Factors Leading to Cost Increases with the Uranium Processing Facility
GAO-13-686R, Jul 12, 2013
- Accessible Text:
What GAO Found
In summary, GAO found the following:
- Overly optimistic National Nuclear Security Administration (NNSA) assumptions about the Uranium Processing Facility (UPF) contained in multiple cost estimates prepared from 2004 to 2011 (upper bound of cost range was approximately $1.1 billion and $6.5 billion, respectively) are the primary factors that contributed to its cost increase. Initial NNSA UPF cost estimates in 2004 and 2007 were largely based on the estimated cost to construct the Highly Enriched Uranium Materials Facility (HEUMF)--the nation's central repository for such material--because the facilities were assumed to be similar in form and design. However, NNSA, a separately organized agency within the Department of Energy, designed the HEUMF as a storage facility for highly enriched uranium, in contrast to the more complex assembly/disassembly, processing, and machining operations that are to be housed in UPF. In addition, revised UPF cost estimates in 2010 and 2011 assumed that annual appropriations would not be subject to budget constraints. None of these assumptions proved to be accurate.
- In June 2012, the Deputy Secretary of Energy approved an updated cost range for the UPF ($4.2 to $6.5 billion) and deferred significant portions of the original scope. According to NNSA documentation, this deferral was due, in part, to the UPF's increased cost estimate and to accelerate the completion of portions of the scope that were of highest priority.
- In August 2012, the UPF contractor concluded that the UPF's roof would have to be raised 13 feet and that the start of construction would be further delayed. These factors resulted in approximately $540 million in additional costs to the UPF and occurred because the contractor did not adequately manage and integrate the design work subcontracted to four other contractors. Given these additional costs, the confidence in the cost estimate range approved in June 2012 has been reduced, and it is not clear if the cost estimate range remains valid.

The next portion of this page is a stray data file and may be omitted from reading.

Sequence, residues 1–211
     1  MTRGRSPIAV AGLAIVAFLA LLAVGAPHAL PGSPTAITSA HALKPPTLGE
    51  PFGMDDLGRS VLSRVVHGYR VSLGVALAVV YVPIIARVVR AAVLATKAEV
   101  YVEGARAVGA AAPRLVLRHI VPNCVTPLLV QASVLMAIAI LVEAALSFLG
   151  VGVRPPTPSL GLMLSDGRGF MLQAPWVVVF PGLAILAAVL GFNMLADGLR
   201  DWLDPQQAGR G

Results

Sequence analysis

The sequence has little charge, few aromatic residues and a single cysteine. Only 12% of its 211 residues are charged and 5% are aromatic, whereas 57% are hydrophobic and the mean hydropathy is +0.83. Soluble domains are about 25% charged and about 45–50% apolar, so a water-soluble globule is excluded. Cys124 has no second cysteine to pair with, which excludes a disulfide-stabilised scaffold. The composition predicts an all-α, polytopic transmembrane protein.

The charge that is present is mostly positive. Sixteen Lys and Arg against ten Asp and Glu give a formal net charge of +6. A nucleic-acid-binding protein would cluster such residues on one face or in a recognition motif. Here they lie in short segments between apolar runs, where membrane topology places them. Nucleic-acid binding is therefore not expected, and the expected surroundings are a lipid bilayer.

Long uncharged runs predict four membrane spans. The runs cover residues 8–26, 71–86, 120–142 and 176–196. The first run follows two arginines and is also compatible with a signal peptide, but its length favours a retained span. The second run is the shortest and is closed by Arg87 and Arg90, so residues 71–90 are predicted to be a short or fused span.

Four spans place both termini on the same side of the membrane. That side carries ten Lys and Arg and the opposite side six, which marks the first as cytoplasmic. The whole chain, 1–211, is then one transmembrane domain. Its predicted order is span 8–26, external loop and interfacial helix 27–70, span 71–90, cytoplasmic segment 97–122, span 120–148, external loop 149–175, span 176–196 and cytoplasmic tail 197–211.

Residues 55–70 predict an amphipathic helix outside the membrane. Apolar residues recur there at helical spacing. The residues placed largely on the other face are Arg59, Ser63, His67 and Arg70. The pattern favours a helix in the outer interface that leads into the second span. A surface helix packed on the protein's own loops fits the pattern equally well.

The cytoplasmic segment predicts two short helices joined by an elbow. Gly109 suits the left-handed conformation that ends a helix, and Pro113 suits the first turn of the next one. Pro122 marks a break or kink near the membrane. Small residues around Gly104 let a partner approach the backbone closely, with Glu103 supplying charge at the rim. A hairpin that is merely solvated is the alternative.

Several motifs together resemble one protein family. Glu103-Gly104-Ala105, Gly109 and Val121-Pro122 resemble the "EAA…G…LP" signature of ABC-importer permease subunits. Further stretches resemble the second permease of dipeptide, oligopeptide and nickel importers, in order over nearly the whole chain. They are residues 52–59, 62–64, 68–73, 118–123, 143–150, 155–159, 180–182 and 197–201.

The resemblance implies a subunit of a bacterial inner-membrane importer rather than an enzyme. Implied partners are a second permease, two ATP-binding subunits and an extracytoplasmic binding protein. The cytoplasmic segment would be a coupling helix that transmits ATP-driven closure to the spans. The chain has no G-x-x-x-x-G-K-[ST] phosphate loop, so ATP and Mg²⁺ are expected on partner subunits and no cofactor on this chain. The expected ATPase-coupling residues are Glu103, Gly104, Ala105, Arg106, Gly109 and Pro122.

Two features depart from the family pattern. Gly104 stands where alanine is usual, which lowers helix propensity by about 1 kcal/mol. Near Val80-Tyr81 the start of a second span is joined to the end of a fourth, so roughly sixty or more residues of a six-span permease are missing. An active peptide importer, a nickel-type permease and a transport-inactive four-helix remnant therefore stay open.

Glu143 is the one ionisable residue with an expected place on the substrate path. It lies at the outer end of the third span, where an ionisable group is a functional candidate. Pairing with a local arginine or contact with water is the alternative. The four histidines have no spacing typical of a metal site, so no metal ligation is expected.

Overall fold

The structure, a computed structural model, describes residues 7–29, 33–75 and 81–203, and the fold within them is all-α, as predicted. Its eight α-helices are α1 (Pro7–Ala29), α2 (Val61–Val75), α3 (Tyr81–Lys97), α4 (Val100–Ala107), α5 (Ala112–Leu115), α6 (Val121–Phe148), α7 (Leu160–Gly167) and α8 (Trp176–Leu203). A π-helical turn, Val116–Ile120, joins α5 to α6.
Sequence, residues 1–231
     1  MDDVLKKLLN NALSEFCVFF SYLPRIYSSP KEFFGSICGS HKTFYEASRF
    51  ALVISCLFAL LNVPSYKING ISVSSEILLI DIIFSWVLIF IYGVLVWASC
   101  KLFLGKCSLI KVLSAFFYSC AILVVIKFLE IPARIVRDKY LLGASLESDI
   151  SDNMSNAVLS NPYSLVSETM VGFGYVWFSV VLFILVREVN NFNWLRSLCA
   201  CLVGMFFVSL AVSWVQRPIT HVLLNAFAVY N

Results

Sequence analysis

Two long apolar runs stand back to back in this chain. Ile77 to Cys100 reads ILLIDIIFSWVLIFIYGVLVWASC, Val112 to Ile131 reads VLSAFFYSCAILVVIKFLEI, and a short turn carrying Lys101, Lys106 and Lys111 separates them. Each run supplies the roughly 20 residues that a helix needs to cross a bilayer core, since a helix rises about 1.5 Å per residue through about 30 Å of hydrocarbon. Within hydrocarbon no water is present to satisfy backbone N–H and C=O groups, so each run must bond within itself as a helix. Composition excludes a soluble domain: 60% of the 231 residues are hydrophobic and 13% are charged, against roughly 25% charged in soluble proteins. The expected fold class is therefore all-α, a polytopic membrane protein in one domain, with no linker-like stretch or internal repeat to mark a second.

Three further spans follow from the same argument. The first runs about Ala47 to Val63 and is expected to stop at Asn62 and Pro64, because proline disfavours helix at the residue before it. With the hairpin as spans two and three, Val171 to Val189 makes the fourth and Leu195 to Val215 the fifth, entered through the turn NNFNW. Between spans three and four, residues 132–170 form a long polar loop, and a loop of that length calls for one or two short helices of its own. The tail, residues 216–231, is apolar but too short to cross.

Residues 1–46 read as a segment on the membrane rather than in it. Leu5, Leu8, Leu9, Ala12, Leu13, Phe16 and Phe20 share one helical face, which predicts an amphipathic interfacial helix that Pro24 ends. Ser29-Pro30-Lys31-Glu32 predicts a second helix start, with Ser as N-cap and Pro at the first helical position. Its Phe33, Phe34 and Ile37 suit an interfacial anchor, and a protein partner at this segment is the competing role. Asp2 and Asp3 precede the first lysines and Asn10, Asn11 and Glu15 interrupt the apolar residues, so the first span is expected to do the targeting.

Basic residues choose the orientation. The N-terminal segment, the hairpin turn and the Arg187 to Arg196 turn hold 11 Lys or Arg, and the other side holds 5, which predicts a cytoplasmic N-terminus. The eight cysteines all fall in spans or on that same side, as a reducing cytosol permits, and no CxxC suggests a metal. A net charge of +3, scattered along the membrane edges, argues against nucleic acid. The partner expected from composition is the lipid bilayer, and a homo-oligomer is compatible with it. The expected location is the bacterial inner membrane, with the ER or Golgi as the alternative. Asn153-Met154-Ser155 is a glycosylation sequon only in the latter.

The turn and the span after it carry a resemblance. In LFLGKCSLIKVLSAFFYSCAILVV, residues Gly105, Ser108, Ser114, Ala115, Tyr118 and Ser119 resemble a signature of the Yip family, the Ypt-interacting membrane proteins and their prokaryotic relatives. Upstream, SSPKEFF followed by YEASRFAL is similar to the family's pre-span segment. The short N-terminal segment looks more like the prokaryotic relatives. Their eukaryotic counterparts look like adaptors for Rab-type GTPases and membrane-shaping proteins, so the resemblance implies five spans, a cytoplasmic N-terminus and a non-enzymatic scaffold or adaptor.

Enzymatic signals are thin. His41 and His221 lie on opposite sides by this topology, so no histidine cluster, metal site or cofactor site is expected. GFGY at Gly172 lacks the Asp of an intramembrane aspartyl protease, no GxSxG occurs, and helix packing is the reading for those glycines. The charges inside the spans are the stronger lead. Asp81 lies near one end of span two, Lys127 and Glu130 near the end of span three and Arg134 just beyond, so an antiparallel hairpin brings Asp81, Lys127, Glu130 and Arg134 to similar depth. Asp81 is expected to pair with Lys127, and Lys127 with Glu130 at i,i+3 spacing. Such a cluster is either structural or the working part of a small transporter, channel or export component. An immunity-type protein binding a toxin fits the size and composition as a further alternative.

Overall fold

Why GAO Did This Study
At the request of the Senate Appropriations Committee, Subcommittee on Energy and Water Development and, in accordance with the requirements contained in the National Defense Authorization Act for Fiscal Year 2013, GAO is to report quarterly on the UPF. GAO's objective for this first quarterly report was to identify factors that contributed to UPF's cost increase.
What GAO Recommends
While GAO is currently not making any recommendations for congressional consideration or agency action, it will continue to review UPF as required by the National Defense Authorization Act for Fiscal Year 2013. In addition, GAO has ongoing audits on NNSA major projects and cost-estimating practices and will make recommendations, if appropriate, based on these future reviews.
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